A headshot of Moreno Valley Unified School District Superintendent Martinrex Kedziora over a photo of the MVUSD administration building.
The Moreno Valley Unified School District voted 3-2 Tuesday night to fire Superintendent Martinrex Kedziora. (MVUSD photos)

The Moreno Valley Unified School District Tuesday night voted to terminate Superintendent Martinrex Kedziora’s contract without cause on a 3-2 vote. It was not immediately clear how each of the board members voted.

Board President Susan Smith thanked Kedziora for his years of service to the district and said that he had “exhibited a real love for the students and the families of our district.” However, she noted that it was “time for a change in direction.”

“We look forward to moving ahead with cabinet members, directors, principals and other staff members currently employed by the district,” she said. “We know that everyone will continue to do their best to meet all of the needs of our students and families. 

“Our district has been through some difficult times,” she continued. “But I know that by working together, we can help our students to move forward and continue to shine brighter with excellence on purpose.”

The board appointed Robert Verdi, the district’s chief human resources officer, as interim superintendent with three board members voting in favor and two abstaining. Smith said the board would discuss the interim superintendent contract at the board’s next regularly scheduled meeting.

Before the board went into closed session, they heard from more than two dozen speakers. The vast majority spoke in support of Kedziora, including parents, students and even former MVUSD Superintendent Judy White.

“When you weigh it, you’ll find that Dr. Kedziora needs to stay,” she said. “His absence, his leaving, will be more detrimental than him staying. There is pressure — and there’s always pressure from different groups — for you to make other decisions than what you know that is right, and I’m just saying do the right thing.”

The students who spoke praised Kedziora for his accessibility and willingness to help them find avenues for academic success including brothers Ethan, Kenneth and Donovan Morales.

“I’ve had the honor of talking to him a couple of times, and just seeing the actions he’s done for the students and the kids — renovating, building more buildings, making the schools nicer — I think just with that alone, his actions just show how much love and care he has for the students of this district,” Donovan said. “He really does care about the students, you can really see that.”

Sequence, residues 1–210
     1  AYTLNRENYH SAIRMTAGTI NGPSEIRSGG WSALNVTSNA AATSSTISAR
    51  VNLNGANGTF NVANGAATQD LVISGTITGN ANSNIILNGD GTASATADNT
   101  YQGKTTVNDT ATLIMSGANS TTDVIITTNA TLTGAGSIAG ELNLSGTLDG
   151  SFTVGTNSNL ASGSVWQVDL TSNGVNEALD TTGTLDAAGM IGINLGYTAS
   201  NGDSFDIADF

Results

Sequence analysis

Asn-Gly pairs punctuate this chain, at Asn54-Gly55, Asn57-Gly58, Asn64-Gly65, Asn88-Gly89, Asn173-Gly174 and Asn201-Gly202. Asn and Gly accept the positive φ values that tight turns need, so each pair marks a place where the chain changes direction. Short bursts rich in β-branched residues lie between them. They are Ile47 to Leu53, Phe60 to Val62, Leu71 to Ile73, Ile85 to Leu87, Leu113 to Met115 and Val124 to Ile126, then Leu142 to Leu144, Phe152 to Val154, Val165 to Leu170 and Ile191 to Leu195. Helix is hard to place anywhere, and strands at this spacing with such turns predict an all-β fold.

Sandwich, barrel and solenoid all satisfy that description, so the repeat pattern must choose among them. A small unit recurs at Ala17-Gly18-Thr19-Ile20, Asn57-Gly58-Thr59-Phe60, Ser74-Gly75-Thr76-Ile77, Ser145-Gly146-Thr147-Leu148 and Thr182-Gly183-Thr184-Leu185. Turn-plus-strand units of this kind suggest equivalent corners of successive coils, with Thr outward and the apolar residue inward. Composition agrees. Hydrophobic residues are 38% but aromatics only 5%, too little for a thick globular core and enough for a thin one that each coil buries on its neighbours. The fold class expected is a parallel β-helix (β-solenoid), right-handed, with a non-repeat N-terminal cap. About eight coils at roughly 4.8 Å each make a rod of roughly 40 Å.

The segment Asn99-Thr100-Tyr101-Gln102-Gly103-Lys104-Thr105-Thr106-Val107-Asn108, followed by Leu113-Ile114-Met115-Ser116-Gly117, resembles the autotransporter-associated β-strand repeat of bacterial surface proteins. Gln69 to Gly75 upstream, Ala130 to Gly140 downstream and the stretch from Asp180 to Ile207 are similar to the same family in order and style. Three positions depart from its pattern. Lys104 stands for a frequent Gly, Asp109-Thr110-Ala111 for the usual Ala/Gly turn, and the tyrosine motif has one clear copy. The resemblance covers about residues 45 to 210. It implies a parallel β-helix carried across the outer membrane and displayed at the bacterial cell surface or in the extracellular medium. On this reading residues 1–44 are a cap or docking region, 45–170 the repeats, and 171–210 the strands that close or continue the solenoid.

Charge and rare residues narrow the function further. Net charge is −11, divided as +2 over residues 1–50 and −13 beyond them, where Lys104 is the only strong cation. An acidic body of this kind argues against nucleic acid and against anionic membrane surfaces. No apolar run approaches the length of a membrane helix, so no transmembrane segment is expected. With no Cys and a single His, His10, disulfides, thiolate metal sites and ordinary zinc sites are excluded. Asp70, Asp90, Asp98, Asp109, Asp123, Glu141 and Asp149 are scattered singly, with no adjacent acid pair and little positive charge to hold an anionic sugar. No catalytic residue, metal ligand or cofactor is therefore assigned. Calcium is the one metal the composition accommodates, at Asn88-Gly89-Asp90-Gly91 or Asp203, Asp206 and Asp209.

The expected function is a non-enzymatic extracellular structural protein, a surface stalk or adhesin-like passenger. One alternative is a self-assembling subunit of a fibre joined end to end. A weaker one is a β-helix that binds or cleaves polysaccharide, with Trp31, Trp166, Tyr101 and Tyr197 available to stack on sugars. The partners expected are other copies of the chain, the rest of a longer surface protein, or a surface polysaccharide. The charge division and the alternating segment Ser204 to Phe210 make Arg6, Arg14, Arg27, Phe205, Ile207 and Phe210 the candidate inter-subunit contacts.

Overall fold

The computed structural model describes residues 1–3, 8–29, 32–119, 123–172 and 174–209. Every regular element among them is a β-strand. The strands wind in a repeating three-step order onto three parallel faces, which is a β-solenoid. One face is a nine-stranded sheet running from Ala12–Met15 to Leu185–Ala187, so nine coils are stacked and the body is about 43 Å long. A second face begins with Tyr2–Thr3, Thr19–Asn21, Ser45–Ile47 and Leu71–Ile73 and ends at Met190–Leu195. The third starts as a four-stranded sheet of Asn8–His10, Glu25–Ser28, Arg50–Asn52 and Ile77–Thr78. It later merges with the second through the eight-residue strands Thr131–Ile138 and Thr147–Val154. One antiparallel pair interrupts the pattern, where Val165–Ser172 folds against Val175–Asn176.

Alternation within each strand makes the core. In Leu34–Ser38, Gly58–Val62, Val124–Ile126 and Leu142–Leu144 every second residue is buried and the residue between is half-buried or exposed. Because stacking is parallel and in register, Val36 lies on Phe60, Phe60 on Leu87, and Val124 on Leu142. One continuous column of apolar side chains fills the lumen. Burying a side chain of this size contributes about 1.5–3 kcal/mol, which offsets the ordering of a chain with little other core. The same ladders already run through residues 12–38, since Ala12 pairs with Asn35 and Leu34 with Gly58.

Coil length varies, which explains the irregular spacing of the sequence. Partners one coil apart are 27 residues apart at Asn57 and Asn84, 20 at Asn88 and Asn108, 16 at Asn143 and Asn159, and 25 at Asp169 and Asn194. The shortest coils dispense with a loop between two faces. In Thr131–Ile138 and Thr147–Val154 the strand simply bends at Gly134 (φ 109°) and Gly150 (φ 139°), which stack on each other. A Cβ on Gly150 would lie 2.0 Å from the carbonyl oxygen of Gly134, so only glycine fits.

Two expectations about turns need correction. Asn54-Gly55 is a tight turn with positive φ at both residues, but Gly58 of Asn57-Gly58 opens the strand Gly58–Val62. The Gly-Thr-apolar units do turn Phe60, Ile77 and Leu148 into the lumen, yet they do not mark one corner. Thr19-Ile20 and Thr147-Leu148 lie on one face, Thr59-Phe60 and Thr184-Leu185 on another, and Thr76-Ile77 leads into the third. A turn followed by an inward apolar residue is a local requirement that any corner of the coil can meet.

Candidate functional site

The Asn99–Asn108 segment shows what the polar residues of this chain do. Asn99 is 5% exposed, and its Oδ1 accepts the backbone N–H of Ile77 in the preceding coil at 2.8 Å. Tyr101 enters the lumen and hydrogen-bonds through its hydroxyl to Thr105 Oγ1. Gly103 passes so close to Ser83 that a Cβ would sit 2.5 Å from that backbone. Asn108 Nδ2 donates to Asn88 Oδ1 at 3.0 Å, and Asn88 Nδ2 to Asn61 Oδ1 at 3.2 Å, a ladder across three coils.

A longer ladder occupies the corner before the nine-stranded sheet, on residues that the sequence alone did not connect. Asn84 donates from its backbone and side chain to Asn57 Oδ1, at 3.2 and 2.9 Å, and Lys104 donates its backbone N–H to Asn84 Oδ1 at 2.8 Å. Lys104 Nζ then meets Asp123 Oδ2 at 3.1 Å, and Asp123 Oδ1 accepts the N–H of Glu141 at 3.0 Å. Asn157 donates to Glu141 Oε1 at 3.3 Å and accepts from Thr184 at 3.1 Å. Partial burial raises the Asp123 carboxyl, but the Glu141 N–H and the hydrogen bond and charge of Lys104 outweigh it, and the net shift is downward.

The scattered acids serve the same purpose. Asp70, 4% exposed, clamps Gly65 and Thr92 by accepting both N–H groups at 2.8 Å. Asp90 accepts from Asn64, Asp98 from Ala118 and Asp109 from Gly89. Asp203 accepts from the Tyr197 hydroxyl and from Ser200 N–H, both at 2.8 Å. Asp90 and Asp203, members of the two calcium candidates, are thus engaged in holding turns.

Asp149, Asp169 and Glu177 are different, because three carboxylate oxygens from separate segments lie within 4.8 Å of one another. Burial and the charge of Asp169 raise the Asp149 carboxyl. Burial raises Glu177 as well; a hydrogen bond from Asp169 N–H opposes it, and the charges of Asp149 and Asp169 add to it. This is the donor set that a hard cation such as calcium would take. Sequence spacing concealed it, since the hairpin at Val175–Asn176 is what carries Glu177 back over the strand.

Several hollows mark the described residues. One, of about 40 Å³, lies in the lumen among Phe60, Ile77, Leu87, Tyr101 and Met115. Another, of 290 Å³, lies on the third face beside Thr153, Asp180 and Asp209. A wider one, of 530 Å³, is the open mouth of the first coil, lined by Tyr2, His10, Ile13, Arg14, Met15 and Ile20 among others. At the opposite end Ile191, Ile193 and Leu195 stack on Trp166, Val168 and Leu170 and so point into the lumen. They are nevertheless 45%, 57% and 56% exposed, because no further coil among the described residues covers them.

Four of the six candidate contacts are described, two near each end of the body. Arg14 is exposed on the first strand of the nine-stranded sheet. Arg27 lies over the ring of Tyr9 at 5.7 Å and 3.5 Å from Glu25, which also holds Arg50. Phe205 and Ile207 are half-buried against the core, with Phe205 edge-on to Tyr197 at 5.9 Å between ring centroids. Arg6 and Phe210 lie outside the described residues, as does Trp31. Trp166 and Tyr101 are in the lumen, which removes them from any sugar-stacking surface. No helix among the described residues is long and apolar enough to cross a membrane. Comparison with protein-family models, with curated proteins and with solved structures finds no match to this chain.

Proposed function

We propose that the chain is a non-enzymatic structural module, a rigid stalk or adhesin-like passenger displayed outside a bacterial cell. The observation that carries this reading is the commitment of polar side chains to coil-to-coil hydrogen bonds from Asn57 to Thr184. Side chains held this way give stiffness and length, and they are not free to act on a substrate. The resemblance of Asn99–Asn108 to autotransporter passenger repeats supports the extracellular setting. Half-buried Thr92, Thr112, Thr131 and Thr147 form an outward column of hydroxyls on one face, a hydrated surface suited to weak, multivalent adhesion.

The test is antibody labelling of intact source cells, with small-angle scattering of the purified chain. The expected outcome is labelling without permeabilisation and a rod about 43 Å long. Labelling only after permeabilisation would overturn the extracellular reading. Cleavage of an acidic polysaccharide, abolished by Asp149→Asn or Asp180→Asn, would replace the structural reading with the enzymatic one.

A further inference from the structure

Parent Wendy Ashley echoed the brother’s sentiments, saying that she had written down pages of nice things she could say about Kedziora and the work he does in the district, but instead wanted to focus on how his departure would impact the community.

“What about the 30,000 students that will miss him that love him, as some of these students have said, what about them,” she said. “We’re going to punish them as a result of this? Let’s not punish our students. Let’s not punish our parents.”

The few who spoke out in support of removing Kedziora as superintendent brought up concerns about student achievement in the district as well as the recently announced $27 million settlement with the family of Diego Stolz, a 13-year-old boy was bullied, beaten and fatally attacked by two classmates four years ago

“It’s sad to say, but a lot of the times when something like this happens, the person that really is responsible is the superintendent, and we all know that,” Joanne Stephen said. “So this is why this issue has come up. A lot of people say they’re shocked about it; I wasn’t shocked about it.”

According to attorneys for the family, Diego’s family filed several complaints with administrators at Landmark Middle School about the bullying Diego faced. Despite the reports — including one just a few days before the fatal attack — the school did nothing, according to a statement released by the family’s attorneys.

“The family will forever be heartbroken by the death of Diego, but they hope this case brings about change in school districts across the country,” attorney Dave Ring said in the statement. “Schools need to realize that bullying can never be tolerated and that any complaints of bullying and assault must be taken seriously. Diego’s death was preventable if this school had simply prioritized an anti-bullying policy.”

A video of the meeting can be found here on MVUSD’s YouTube page.

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